The six month long exhibition, which starts on November 18, will tell the stories of cycling, splitting the varied and individualistic members of the community into four distinct tribes: high performers, thrill seekers, urban riders and cargo bikers.
Reade has been chosen to front the thrill seekers – those who take on the mountains and pump tracks with the kind of high energy that sometimes requires body amour and a special appreciation of fear.
Representing urban bikers, Lucy Granville was selected by the Design Museum in their recent competition. Entries came from all over the world, but it was London based rider Granville who has the honour of taking centre stage and acting as spokesperson for the thousands who battle on city roads daily. She expressed her love for two wheels, saying: “My bike is my freedom pass. Riding is liberation, and sanity.”
In the high performance category, eleven time World Champion and six time Olympic champion Sir Chris Hoy leads the way for those built for speed on the road and the track. His medals tell the story of perseverance and dedication and his London 2012 Olympic Track Bike will sit next to Wiggins’ 2015 Hour Record Bike – as well as the Hour Record machines of Francesco Moser and Eddy Merckx.
Long distance chuggers are far from excluded, and Lawrence Brand will stand proud to lead the cargo bikers. Brand completed a 5,000km unsupported trip on his own design, ‘the Bringley’ by way of prototype testing – the journey taking him through varied terrain in Bulgaria, Turkey, Azebaijan, Kazakhstan, Uzbekistan, Kyrgyzstan, and on to the Chinese border.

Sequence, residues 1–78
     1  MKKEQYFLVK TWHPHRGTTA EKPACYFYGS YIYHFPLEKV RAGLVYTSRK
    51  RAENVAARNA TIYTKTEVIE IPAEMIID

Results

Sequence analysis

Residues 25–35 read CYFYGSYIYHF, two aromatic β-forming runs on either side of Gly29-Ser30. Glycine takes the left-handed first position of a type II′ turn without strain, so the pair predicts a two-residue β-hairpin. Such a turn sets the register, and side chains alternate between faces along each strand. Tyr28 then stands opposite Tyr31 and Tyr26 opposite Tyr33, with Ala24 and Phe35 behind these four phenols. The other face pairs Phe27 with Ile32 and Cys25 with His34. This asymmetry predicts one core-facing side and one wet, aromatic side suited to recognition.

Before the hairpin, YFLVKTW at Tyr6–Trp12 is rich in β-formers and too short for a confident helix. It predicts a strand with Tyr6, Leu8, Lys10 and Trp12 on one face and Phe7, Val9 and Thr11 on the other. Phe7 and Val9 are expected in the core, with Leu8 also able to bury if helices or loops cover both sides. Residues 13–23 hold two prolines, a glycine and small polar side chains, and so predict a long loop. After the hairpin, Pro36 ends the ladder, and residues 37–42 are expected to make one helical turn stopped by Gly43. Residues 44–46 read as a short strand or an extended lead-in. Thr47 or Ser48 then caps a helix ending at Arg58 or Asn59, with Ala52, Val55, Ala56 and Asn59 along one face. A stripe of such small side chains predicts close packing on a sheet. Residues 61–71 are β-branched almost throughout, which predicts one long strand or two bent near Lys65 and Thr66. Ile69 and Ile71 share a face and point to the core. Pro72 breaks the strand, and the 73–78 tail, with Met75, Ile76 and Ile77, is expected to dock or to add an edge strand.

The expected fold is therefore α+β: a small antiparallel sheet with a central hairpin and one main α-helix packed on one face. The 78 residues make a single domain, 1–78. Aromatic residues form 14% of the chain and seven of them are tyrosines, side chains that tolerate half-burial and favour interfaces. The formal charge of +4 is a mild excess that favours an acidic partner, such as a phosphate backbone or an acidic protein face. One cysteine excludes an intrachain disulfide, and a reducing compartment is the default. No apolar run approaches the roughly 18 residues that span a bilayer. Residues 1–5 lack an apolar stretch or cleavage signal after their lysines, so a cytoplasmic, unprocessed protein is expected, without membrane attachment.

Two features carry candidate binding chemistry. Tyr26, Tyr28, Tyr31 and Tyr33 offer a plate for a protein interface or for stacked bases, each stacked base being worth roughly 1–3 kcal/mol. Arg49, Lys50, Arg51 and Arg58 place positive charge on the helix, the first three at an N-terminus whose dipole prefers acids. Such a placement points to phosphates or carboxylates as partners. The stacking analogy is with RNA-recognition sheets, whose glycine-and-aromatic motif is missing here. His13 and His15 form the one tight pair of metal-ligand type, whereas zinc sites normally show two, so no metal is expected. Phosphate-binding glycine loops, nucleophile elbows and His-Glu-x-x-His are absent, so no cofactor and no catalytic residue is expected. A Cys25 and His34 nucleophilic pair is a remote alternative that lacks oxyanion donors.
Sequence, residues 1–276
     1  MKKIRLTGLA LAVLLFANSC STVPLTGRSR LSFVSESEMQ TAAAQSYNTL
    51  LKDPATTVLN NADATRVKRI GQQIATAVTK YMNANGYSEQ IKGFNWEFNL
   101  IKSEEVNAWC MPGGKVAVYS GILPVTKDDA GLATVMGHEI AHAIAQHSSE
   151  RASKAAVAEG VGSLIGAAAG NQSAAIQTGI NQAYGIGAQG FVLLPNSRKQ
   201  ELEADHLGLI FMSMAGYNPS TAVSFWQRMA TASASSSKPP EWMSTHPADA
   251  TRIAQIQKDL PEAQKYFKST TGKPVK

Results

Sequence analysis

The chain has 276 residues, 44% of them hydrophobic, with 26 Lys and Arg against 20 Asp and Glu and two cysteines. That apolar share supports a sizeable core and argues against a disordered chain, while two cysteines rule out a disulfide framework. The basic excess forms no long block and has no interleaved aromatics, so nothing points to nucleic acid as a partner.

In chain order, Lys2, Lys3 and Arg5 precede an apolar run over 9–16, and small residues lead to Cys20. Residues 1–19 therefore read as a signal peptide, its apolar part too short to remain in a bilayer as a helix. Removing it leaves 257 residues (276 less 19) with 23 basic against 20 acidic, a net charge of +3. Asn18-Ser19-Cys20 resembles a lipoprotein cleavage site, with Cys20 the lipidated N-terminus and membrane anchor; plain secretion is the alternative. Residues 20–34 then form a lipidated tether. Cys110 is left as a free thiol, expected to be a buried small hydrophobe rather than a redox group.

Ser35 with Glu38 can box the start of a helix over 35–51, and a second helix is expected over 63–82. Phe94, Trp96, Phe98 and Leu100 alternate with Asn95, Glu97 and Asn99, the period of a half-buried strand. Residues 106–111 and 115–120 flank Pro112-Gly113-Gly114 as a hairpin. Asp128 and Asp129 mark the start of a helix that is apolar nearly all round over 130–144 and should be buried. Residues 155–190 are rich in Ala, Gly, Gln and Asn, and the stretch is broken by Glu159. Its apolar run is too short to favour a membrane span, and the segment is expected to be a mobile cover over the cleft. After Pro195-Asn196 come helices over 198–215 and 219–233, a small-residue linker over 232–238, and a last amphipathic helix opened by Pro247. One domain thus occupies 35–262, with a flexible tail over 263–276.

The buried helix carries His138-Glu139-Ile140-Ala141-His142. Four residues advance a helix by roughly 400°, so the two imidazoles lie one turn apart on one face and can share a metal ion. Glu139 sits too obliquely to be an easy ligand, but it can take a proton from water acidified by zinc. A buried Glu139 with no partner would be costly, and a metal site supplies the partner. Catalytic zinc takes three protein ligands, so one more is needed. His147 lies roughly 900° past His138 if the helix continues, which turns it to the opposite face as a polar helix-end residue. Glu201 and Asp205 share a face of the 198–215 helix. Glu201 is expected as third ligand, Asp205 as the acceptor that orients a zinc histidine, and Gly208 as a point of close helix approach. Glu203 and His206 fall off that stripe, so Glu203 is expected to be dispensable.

The exhibition will tell the story of the evolving bicycle, and will also include a 1969 Raleigh Chopper and the earliest prototype Brompton in existence.
In a workshop themed area, a select group of six independent British Bike Builders – Donhou Bicycles, Toad Custom Cycles, Hartley Cycles, Robin Mather Cycles, Mercian Cycles and Shand Cycles – are all featured in short films commissioned for the show.
As visitors reach the final rooms of the exhibition, they’ll be treated to a forward facing view of the future for cycling. The finale will investigate how urban planners and architects have responded to the demands of cyclists, and some of the innovations to come.
The exhibition closes with a film of newly recorded interviews with high profile cyclists including Lord Norman Foster, Sir Paul Smith and Dame Vivienne Westwood, discussing their passion for cycling and hopes for its future.
The exhibition will open on November 18, but in celebration, the Veteran-Cycle Club will host a ride from Herne Hill Velodrome to the museum on Saturday October 24 – featuring fifty cyclists riding in historical order – starting with a nineteenth century Dandy Charger and finishing with modern lightweight machines.
Cycle Revolution is the final show at the Design Museum in Bermondsey. After the exhibition closes on 30 June the museum will move across London to Kensington, where it is set to open in its new home, the former Commonwealth Institute building, in late 2016.
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